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What is Overtraining Syndrome and how to avoid it?

Overtraining Syndrome is a condition that should be avoided at all costs. It is a result of a long-term accumulation of unplanned, extra load in workouts without sufficient recovery. It can take a long time to recover from this condition if severe.

It is common for Endurance athletes to push themselves and get fitter. The mentality of more is good is not true after a certain point. Unchecked Increase in volume and intensity for long periods of time and insufficient recovery is a recipe for disaster.

This is why periodization exists. Careful planning of workouts according to volume, intensity and/or TSS(total stress score) is important. This is where a coach is necessary.

Careful planning of a macrocycle (6-12 months), mesocycles (3-4 weeks) within it , microcycle (1 week) and the individual workouts in them is key!

What you should know about is the General Adaptation Syndrome(GAS) and the Fitness -Fatigue paradigm.

These two generally states that, after the rise in fatigue after a workout, there is short term decrease in fitness due to this. Sufficient recovery post this will result in a higher baseline fitness. This ideal scenario done many times back to back results in improved fitness. An upwards trajectory.

But if the recovery is insufficient, a overall downward trajectory happens. Beyond a certain point you reach the overtraining zone.

There is something called functional overreaching which is a planned fatigue inducing workouts or series of workouts that is MEANT to fatigue you and push you. It is carefully planned such that even after a period of fatiguing days or week, you have sufficient recovery planned for this. This is something necessary or adaptation.

Non functional overreaching is when you start straying into the danger zone where these workouts have too much fatigue and less recovery planned for them.

When you keep non functional overreaching for a considerable amount of time, you reach the overtraining zone. Keep in mind that to get to this point, you need a long time of doing unplanned workouts that hard too hard, too long with little rest.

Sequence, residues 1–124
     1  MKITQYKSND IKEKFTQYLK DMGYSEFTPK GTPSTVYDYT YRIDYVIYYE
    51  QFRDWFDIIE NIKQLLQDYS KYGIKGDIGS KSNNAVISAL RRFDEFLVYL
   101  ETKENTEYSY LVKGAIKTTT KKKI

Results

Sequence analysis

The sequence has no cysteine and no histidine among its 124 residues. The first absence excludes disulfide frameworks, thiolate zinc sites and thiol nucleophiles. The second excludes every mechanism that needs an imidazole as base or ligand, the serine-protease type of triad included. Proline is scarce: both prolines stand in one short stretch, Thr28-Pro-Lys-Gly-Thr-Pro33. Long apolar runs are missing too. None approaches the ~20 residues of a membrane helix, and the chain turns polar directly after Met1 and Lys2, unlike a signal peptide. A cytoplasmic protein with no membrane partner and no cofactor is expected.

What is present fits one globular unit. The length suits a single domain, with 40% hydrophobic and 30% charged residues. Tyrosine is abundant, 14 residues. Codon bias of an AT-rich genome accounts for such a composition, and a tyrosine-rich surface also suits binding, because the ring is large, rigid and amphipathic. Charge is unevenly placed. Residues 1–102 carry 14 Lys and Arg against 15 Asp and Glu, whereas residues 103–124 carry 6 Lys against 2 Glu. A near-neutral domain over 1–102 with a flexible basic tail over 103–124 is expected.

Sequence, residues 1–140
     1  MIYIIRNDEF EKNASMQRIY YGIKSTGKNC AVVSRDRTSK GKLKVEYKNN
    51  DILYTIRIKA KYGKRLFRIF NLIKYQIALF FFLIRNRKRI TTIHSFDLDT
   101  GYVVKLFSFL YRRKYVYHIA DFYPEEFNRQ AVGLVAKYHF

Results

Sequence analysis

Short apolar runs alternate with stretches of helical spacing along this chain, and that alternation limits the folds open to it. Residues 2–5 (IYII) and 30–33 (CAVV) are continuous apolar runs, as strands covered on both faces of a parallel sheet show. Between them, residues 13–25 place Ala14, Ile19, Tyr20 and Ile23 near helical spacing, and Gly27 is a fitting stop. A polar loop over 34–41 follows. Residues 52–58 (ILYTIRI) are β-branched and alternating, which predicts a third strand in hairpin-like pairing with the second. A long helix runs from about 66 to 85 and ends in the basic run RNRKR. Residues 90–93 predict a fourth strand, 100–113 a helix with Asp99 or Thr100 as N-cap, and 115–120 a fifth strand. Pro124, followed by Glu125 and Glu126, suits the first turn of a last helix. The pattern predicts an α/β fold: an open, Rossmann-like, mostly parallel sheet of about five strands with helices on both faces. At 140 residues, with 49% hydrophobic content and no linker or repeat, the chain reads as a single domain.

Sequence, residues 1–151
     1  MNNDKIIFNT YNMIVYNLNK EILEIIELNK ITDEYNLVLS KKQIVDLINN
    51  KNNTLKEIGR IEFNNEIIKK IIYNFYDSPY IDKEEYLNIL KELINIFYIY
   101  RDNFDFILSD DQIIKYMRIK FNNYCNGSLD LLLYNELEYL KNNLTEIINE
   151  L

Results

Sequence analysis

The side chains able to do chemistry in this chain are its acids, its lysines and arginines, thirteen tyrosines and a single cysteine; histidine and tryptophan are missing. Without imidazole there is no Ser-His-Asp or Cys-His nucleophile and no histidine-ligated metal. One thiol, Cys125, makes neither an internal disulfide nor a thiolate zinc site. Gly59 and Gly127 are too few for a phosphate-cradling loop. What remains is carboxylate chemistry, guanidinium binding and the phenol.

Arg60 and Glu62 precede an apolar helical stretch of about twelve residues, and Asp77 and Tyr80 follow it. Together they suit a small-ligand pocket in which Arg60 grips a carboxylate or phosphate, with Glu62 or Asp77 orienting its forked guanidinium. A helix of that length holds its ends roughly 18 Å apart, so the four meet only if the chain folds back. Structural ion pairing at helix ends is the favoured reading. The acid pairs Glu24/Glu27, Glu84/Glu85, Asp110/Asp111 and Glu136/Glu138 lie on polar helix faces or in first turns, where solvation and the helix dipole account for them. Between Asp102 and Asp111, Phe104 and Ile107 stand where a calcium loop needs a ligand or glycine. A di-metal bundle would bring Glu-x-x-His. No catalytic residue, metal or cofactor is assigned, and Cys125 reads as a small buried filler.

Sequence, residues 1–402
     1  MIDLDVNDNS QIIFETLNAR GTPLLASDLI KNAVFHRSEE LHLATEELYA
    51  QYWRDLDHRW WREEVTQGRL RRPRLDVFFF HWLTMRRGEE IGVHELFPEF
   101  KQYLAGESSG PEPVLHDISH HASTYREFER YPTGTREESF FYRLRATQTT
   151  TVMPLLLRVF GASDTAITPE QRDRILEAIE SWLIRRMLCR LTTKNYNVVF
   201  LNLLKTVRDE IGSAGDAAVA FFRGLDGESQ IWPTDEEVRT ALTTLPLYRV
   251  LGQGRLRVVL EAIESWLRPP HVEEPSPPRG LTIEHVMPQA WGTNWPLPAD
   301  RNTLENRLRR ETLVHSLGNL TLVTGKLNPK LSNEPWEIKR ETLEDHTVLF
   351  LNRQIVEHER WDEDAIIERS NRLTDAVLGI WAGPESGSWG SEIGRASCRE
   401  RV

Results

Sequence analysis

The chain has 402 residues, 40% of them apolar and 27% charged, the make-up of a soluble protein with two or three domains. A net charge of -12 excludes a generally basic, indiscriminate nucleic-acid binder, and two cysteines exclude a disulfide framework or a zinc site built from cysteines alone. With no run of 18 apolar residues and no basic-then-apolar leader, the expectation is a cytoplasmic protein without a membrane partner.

The use of the word recovery mentioned above includes, sleep, nutrition, rest days, training load.

Signs to look out for and when to pull back training are :

Physical signs -

1. Loss of hunger despite high training load

2. Unusually sore muscles or sharp pains

3. Suppressed or elevated morning HR

4. Broken sleep and/or night sweats

5. Sunken eyes or fatigue around the eyes (bags)

6. Poor posture/slumped shoulders

1. General apathy about training

3. Lack of confidence

4. Unusually quiet/depressed

Workout signs -

1. Dropped stroke rate during swim sessions

2. Suppressed HR even with high effort in combination with high RPE

3. High RPE during easy workouts

4. Increases HR for sub maximal effort(more that normal)

5. High RPE during easy rides/workouts

6. Reduction in power in interval efforts(lesser than usual) with high RPE

7. Lazy flip turns or reaching for equipment in the pool

Listening to the body is key.

Some pointers to note if you are using training peaks are -

1. Plan your ATP (annual training program) in TrainingPeaks which will help periodize the training and give you a framework of volume/TSS to abide by

2. Do not let the weekly CTL (form) be less than -30 for more than a couple weeks. This is a general rule you can follow to be on the safe side. Again this is highly individualistic.

3. Make sure you either have 3 load week + 1 deload week or 2 load weeks + 1 deload week

4. Take easy workouts easy and hard workouts hard ! Easy workouts are meant for recovery or base building.

5. Do not do extra sessions or longer than planned workouts just because you feel good.

6. Communicate with the coach.

7. Eat enough calories to support training

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